State Conference On Sustainability In School Building Projects Emphasizes Early Planning, Engagement With Communities, And Commitment By Municipalities


Cambridge Street Upper Schol and King Open School, Cambridge, MA. The $159 million facility is also the only school currently in Massachusetts to have attained both Net Zero Emissions and LEED v4 Schools Platinum Certification. The building is designed to use 44% less energy than a typical Massachusetts school. Photo: Wikimedia Commons

iThe Massachusetts School Building Authority hosted a conference titled “Massachusetts Schools Embrace A Sustainable Future” on December 1, 2021. The day-long program featured nearly 40 designers, engineers, and school officials sharing information on net zero school building projects from across the Commonwealth. Their experiences ranged from elementary to secondary to technical high schools, included major renovations and all new construction, and represented projects conducted both with and without MSBA funding.

Several presenters credited public discussions to identify common priorities, and collaboration with community stakeholders early in the process as critical to a finished product that met its goals for climate action. Many of the municipalities employ Energy Managers who were also instrumental in achieving the metrics that were laid out during energy modeling toward a specific Energy Use Intensity (EUI),  a measure of annual energy cost per square foot. While Amherst does not currently support such a position, the Energy and Climate Action Committee recommended last year that the Town bring one on board. A genuine commitment to sustainability and climate action by both school and town officials was frequently cited as key to success.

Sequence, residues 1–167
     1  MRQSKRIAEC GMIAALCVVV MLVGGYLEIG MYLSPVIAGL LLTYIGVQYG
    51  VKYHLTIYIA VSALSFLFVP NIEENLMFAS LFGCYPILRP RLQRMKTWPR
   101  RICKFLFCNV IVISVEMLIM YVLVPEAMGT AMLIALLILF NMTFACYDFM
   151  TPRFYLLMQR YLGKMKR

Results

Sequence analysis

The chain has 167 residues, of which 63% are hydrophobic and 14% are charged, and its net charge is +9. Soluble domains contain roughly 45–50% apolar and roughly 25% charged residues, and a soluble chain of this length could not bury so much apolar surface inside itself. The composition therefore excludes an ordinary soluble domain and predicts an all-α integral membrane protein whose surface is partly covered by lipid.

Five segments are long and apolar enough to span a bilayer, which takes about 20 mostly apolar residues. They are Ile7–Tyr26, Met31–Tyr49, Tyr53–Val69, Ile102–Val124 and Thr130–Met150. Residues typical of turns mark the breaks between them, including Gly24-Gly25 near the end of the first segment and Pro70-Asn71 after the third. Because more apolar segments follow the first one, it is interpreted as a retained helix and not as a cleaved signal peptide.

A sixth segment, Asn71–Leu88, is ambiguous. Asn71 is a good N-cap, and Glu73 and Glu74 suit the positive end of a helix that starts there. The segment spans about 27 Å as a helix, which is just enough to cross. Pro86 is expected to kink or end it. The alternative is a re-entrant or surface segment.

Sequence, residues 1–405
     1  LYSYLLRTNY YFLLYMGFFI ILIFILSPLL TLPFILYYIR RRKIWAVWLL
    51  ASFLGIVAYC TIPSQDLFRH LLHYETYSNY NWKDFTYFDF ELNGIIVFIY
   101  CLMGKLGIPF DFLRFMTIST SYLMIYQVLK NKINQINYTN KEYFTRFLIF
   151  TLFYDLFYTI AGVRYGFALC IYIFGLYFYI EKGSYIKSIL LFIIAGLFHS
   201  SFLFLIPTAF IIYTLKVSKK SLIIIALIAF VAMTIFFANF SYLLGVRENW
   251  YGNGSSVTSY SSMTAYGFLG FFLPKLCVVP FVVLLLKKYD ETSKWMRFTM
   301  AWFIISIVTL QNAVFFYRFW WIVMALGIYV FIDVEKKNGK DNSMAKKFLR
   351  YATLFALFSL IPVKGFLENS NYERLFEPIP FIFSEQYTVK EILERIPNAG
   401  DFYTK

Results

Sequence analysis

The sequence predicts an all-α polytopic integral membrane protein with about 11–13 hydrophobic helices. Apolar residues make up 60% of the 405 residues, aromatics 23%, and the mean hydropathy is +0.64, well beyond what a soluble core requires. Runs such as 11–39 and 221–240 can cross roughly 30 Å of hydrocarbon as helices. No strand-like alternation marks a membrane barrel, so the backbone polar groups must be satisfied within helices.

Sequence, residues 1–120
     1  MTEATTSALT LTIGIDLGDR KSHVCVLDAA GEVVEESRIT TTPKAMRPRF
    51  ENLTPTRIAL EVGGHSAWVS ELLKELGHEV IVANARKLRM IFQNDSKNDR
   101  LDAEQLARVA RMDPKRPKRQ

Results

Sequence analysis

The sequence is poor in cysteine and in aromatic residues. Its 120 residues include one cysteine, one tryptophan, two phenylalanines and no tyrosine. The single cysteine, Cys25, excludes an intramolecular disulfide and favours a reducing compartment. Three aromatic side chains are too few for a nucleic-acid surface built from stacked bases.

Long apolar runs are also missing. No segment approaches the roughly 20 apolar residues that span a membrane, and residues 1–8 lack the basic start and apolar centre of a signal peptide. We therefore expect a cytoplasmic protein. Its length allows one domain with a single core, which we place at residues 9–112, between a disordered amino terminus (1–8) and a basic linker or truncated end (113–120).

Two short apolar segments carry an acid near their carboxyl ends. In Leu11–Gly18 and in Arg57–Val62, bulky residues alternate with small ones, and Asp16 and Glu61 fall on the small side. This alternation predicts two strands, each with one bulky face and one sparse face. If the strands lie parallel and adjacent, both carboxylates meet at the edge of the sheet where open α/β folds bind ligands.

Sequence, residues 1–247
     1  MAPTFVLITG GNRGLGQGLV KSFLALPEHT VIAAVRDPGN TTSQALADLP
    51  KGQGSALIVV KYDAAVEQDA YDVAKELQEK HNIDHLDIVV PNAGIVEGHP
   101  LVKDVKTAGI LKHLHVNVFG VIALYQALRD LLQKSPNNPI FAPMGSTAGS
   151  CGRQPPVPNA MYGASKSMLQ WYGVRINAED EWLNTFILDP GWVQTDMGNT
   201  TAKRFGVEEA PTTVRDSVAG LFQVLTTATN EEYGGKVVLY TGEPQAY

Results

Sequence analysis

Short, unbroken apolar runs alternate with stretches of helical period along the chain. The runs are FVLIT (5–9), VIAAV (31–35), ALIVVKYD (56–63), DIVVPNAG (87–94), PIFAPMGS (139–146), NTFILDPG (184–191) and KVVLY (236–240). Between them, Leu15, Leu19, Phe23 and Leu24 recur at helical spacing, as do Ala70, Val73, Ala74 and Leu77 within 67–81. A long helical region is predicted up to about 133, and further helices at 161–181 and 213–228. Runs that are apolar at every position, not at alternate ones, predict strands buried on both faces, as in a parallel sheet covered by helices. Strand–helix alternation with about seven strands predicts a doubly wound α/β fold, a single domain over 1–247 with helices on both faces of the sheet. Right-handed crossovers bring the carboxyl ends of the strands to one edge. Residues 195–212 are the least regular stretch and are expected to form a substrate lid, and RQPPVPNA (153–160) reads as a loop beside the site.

Many of the projects opted for geothermal, or ground-sourced heating/cooling as their fossil fuel-free energy source. While payback on initial investment was not anticipated to be met even in 30 years, the lower maintenance and favorable impact on the EUI was determined to be worth it. Some projects took a hybrid approach, using a ground-sourced system in higher intensity use areas of the buildings, for example spaces that are also utilized by the community at large, while using air-sourced units in purely academic areas.

Minimizing EUI was also identified as critical to addressing the frequent challenge of finding enough suitable space on site for the photovoltaic panels required to generate the necessary electricity. In addition to arrays on rooftops (sometimes even above recessed HVAC units) and canopies over parking lots, building integrated photovoltaics (BIPVs) were also employed, predominantly on south-facing walls, in concert with shading and natural lighting techniques. The importance of balancing daylighting with glare control and optimizing insulation was also discussed. 

A consultant from Eversource encouraged municipalities to apply for incentives offered via Mass Saves to offset costs for projects. The “Path 1” program is available for both new and renovation projects and offers per-square-foot funding for design and post-occupancy that achieves an EUI of 25. Technical assistance in reaching net zero goals is also available.   

The zoom conference was attended by more than 150 participants, including representatives from DiNisco Design, the architectural firm recently selected as designers for the current Amherst elementary school building project. The project’s Owner’s Project Manager, Margaret Wood of Anser Advisory, was also listed as an attendee. Amherst’s Elementary School Building Committee does not currently have a member or subcommittee whose focus is net zero building.

Spread the love

Leave a Reply

Your email address will not be published. Required fields are marked *

This site uses Akismet to reduce spam. Learn how your comment data is processed.